Oct 27 2021Reviewed by Alex Smith
One should not be fooled by the sapphire windows or titanium metal walls. It is what is on the inner side of a new compact, intuitive device that could someday initiate a new era of navigation.
For more than a year, the avocado-sized vacuum chamber has consisted of a cloud of atoms at the proper conditions for accurate navigational measurements. It is the first device that has been developed such that it is tiny, energy-efficient, and reliable enough to possibly move quantum sensors.
These are sensors that make use of quantum mechanics to surpass conventional technologies—right from the laboratory into commercial use, stated Sandia National Laboratories scientist Peter Schwindt.
The chamber was developed by Sandia as a core technology for future navigation systems that do not depend on GPS satellites. It was explained in the journal AVS Quantum Science in early 2021.
Countless devices throughout the world make use of GPS for wayfinding. This seems to be possible since atomic clocks, which are familiar for extremely precise timekeeping, hold the network of satellites ideally in sync.
However, GPS signals can be spoofed or jammed, possibly disabling navigation systems on commercial and military vehicles alike, stated Schwindt.
Hence, rather than depending on satellites, Schwindt stated that future vehicles might keep track of their position. They could perform that using onboard devices as precise as atomic clocks. However, those measure acceleration and rotation by shining lasers onto small clouds of rubidium gas such as the one found at Sandia.
Compactness Crucial to Real-World Applications
Already, atomic accelerometers and gyroscopes are in use. However, they are too heavy and power-hungry to be utilized in a navigation system in an airplane. The reason is they require a huge vacuum system to work, one that requires thousands of volts of electricity.
Quantum sensors are a growing field, and there are lots of applications you can demonstrate in the lab. But when you move it into the real world there are lots of problems you have to solve. Two are making the sensor compact and rugged. The physics takes place all in a cubic centimeter (0.06 cubic inches) of volume, so anything larger than that is wasted space.”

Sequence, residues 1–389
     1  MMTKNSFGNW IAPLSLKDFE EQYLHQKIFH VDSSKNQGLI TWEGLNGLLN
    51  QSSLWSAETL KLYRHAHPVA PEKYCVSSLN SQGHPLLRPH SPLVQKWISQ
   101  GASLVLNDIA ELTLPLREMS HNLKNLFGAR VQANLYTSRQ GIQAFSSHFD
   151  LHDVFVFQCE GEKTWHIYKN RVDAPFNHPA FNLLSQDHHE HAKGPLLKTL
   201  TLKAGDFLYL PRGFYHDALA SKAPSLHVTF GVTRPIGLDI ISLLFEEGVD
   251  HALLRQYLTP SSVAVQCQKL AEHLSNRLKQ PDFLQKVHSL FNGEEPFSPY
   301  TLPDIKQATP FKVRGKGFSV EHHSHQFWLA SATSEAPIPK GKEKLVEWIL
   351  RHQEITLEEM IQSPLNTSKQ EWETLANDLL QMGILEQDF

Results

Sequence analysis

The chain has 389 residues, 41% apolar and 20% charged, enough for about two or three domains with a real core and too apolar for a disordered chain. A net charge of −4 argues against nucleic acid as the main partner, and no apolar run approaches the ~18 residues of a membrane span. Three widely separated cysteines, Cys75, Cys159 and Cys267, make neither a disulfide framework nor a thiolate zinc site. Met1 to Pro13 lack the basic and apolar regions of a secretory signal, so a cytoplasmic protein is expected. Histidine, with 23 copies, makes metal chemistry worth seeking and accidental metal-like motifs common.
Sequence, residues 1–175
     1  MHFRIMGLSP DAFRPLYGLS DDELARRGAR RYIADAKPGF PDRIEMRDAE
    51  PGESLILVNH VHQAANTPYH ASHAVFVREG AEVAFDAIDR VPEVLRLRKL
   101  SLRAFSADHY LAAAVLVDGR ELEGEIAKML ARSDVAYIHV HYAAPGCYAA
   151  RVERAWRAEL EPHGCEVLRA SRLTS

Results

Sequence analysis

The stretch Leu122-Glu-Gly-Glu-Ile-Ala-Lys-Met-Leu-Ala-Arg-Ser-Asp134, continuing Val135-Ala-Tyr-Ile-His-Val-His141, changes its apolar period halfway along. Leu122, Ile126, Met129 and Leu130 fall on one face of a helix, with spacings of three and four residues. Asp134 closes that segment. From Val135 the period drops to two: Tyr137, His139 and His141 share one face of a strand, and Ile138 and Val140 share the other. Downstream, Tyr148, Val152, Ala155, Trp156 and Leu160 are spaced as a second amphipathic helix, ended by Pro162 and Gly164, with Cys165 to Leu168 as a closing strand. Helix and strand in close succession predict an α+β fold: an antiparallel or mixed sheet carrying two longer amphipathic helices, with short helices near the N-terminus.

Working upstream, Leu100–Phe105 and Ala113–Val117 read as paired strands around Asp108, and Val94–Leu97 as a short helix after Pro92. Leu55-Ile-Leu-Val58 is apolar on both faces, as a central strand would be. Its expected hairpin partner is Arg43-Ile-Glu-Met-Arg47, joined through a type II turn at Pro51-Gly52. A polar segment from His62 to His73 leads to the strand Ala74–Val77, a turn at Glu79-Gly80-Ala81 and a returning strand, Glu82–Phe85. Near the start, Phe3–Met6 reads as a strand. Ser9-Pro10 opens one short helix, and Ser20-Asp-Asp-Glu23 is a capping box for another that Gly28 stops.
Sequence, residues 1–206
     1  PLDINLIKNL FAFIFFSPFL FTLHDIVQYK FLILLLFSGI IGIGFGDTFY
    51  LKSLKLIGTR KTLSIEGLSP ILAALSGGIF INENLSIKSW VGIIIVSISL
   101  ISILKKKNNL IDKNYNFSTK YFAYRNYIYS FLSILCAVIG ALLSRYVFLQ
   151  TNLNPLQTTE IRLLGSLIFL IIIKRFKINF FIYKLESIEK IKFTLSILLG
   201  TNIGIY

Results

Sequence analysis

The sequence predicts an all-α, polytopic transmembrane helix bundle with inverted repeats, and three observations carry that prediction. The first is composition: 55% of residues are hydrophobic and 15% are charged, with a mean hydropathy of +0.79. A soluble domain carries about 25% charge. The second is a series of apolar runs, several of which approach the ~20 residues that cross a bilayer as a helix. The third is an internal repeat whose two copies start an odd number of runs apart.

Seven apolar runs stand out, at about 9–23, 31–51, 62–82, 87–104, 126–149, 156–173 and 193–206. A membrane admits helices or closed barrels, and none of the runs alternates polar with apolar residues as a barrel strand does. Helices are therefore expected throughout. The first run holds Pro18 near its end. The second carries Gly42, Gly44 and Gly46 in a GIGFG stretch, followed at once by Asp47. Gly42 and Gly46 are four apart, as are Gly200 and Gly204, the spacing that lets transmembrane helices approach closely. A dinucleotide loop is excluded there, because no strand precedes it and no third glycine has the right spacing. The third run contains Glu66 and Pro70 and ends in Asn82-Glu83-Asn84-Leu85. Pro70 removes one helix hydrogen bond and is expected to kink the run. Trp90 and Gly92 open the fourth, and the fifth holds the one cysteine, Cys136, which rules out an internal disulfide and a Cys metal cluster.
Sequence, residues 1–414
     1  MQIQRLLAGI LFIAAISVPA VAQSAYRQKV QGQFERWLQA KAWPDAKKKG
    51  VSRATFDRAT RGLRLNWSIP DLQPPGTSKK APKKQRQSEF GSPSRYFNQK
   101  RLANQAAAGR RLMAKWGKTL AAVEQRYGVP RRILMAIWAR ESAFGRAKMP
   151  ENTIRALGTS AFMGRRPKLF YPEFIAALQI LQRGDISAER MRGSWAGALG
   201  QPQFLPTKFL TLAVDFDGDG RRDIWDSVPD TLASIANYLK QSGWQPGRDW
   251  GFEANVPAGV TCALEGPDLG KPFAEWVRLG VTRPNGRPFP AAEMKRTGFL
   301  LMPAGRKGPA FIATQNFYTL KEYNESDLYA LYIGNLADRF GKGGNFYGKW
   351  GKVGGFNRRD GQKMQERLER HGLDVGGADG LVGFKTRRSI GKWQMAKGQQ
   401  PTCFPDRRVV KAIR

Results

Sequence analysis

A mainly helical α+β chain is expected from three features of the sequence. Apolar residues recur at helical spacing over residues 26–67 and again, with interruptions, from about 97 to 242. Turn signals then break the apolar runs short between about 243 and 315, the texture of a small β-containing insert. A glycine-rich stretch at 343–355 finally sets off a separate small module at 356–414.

Bethany Little, Postdoctoral Scientist, Sandia National Laboratories
According to Little, who contributed to the study, her team has demonstrated that quantum sensing can function without a high-powered vacuum system. This decreases the package to a viable size without compromising on reliability.
As an alternative to a powered vacuum pump, which whisks away molecules that tend to leak in and wreck measurements, a pair of devices known as getters utilize chemical reactions to fasten intruders. Each of the getters measures around the size of a pencil eraser so they could be tucked within two narrow tubes popping out of the titanium package. Also, they function without a power source.
To further exclude contaminants, Schwindt collaborated with Sandia materials scientists to construct the chamber out of sapphire and titanium. Most significantly, these materials are good at inhibiting the entry of gases like helium, which have the potential to squeeze via Pyrex glass and stainless steel. This study was financially supported by Sandia’s Laboratory Directed Research and Development program.
Construction involves advanced fabrication methods that Sandia has optimized to bond advanced materials for nuclear weapons components. Also, similar to a nuclear weapon, the titanium chamber should work dependably for several years.
The Sandia team has been continuously monitoring the device. They aim to keep it closed and operational for almost five years. It is a key milestone toward displaying that the technology is ready to be fielded. Meanwhile, they are finding out ways to simplify manufacturing.
Little, B. J., et al. (2021) A passively pumped vacuum package sustaining cold atoms for more than 200 days. AVS Quantum Science. doi.org/10.1116/5.0053885.